“I think so. At least most of them heard him. He whispered it, but there wasn’t another sound in the room at the time.”
“That tears it. The board will expel him this time.”
Neil shook his head. “I don’t want him expelled. I’m so mad now I could kill him, but I don’t want him expelled.”
“It’s out of your hands. After last year, the board will have no patience with him. He has been in trouble with every teacher in the school this morning. I was coming to get him when I saw him in my office and came on out to see what he had done to you.”
“He came in hassling Lorraine, threw a paper wad at T. J., claimed he had not, slammed his desk deliberately to disrupt the class, all but called me a liar when I accused him, and then cussed me out on the way back to his desk.”
Bill shook his head in disgust. “Write it up,” he said. “Write it very carefully, and don’t leave anything out.” Then he added, “Why are you out here?”
“I wanted to cool off. I didn’t want the kids to see me this mad. I’m afraid I yelled pretty loud at Jesse.”
“Evelyn thought she heard you. Don’t worry about it; you should have heard the harangue Fiona gave him. And don’t worry about being angry in front of your students. They know you’re human; believe me, students always know all of our faults.”
Suddenly, Bill Campbell’s tone changed as he asked, “You didn’t hit him or push him around, did you?”
“I felt like strangling him, but I never touched him.”
“Good. Then there is no problem. Now get back to your classroom and act like nothing happened. Or let the kids write about how it all made them feel. Don’t let them get into a discussion, though; they might draw you into saying something you shouldn’t.”
Neil nodded. This was the second time Bill had backed him up in a crisis with Jesse. Neil was learning a great deal at Kiernan, and not the least of those lessons was that paranoia clouds your reason and distorts your ability to read others. He had misjudged Bill Campbell very badly at their first meeting.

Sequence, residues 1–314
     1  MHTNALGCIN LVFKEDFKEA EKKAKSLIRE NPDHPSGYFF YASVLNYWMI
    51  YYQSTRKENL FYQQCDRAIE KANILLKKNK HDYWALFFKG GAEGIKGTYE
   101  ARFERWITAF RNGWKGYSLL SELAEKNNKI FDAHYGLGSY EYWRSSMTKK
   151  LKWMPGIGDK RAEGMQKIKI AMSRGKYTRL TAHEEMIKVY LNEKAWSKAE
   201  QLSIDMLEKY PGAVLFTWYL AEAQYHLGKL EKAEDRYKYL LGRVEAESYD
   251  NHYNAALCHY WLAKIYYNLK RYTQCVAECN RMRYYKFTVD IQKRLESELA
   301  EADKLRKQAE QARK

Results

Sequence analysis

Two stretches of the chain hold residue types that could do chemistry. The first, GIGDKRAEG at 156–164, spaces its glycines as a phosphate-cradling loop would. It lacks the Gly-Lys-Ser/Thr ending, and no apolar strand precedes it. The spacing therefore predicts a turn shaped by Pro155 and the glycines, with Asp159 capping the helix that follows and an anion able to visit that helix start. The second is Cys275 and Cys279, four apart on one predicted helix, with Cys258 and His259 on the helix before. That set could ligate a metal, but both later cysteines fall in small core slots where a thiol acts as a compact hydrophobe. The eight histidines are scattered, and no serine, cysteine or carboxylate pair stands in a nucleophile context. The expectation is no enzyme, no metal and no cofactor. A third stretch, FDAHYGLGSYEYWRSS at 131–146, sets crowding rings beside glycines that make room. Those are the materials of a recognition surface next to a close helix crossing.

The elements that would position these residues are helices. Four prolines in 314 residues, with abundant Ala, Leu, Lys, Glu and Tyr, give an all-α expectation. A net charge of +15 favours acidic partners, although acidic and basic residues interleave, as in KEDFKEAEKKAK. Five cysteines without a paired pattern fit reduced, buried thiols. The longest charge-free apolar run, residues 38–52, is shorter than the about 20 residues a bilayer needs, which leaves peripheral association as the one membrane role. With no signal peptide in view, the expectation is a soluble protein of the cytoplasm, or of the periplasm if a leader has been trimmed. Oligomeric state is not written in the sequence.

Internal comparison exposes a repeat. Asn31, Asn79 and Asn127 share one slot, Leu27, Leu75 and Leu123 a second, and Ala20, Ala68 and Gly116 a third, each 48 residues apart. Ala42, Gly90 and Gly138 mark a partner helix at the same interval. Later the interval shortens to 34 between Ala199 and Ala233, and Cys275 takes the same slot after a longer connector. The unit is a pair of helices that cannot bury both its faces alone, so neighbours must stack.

# # #
A slow, sickening anger continued to dog Neil throughout the day, and he took it home with him. He was thankful to have the night to recuperate. He was tempted to stop for a bottle of Scotch, but he knew where that road would lead his mind.
He drove into the lot at his apartment and found a familiar green sedan in his space. For a moment he could not place it; it was too much out of context. Then Tom Lewis waved from where he was lounging in the driver’s seat and Neil was suddenly transported back to the world he had left seven months before.
Tom came over and shook his hand. There was a forced gaiety about him, masking a new reserve. Yet, only Tom had stood by him when the others had backed away. When even his lover had backed away.
“Hey, Neil, old buddy. How are you doing?”
“Okay, I guess. What are you doing here?”
“I’m on my way south to L. A. for the Christmas vacation. I decided to drive so I could stop by and see how you were.”
Neil was moved. He gripped Tom’s hand tighter and said, “Thanks. That means a lot.”
Tom turned to his car and opened the trunk for a bag. He said over his shoulder, “Say, you really picked an ugly pace to live.” more tomorrow